Based in Nagano, Japan, Hikari Shimoda first studied illustration at the prestigious Kyoto Saga University of Art and Aoyama Juku School before beginning her career as a contemporary artist in 2008. Soon afterward, Shimoda was selected for her first solo exhibition at Motto Gallery in Tokyo, and since then has held exhibitions annually in galleries worldwide, spanning Japan, the United States, Canada, and Milano, Italy.
Shimoda’s artwork paints a world where cuteness and horror coexist, and fantasy meets reality. She credits the Japanese pop culture she grew up with as the main source of inspiration of her Lowbrow ‘Irasuto’ style, which means artwork made by people inspired by anime and manga. There are often children putting on heroic costumes such as Superman and ‘shojo’ or magical girls, an anime sub-genre of young girls who use magic. Through depicting children especially, Shimoda reveals the problems people in today’s society struggle with from within. Children possess a simple existence because their identity is ambiguous which provides her with an original point of view.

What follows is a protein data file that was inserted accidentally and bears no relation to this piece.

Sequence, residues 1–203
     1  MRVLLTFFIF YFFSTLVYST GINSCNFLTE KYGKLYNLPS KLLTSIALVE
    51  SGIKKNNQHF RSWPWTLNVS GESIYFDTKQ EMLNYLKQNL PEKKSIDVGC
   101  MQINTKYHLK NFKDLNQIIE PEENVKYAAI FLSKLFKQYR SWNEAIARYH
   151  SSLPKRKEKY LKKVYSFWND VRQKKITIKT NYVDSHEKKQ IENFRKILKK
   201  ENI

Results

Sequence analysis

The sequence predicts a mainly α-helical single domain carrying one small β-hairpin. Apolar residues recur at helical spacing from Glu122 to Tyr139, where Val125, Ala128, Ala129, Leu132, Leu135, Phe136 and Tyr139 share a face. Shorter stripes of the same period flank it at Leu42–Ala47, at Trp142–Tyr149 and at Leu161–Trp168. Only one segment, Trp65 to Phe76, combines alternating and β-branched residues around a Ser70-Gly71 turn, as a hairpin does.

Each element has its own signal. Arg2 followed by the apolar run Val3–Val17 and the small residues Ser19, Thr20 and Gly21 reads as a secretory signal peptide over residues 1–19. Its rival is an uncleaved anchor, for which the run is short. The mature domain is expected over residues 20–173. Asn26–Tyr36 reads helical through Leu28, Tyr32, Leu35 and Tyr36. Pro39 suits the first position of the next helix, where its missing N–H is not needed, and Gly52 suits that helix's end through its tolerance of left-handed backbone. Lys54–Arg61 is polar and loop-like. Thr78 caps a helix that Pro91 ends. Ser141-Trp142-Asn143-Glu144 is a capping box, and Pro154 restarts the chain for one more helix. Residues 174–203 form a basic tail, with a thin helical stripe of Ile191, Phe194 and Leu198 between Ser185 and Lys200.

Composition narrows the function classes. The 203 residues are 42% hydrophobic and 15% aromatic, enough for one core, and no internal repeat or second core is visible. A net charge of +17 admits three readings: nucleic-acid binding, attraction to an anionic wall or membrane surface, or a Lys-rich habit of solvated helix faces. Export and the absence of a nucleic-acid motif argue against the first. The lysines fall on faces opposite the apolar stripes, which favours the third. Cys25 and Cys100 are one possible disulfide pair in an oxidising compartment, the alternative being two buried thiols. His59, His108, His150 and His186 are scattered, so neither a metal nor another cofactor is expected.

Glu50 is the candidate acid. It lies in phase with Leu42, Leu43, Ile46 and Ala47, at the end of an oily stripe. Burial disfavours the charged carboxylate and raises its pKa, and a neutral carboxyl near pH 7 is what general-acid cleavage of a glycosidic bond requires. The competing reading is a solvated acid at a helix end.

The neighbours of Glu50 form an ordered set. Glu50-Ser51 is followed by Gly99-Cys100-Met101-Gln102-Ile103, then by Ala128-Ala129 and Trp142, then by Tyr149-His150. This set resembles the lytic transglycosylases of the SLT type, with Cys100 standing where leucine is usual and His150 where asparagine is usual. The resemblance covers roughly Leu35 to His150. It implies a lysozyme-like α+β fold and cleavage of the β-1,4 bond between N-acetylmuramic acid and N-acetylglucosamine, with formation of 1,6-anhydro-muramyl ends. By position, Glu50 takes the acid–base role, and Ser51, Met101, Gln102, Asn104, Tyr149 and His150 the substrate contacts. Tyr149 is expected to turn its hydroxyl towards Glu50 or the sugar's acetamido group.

In her ‘Whereabouts of God’ portrait series of other-worldly horned children, she also comments on Christianity’s anointment of Jesus Christ as savior of humanity and mirror of our fantasy heroes. These characters not only represent heroism but an adult desire to watch our children grow and defend the world we have constructed. With each new piece, Shimoda advances her search for salvation and her deeper understanding of this chaotic world.
“The cute and pop subjects you can see in my pieces first are important key items to understand the themes of my art. There are various aspects in this world today, and it’s difficult to reveal the essential qualities of things just by depicting those serious aspects as they are. Therefore I need manga-like characters and cute colors or subjects as a ‘common language’ to represent serious aspects of this world. The definition of ‘Irasuto’ today is manga-like artwork that artists paint freely as they please, so it’s different from ‘illustration’ that has specific orders of client. In other words Irasuto is articulate, so Irasuto has a strong influence on young people who face various problems in the world, and also have great potential for the future.” – Hikari Shimoda (Cotton Candy Machine)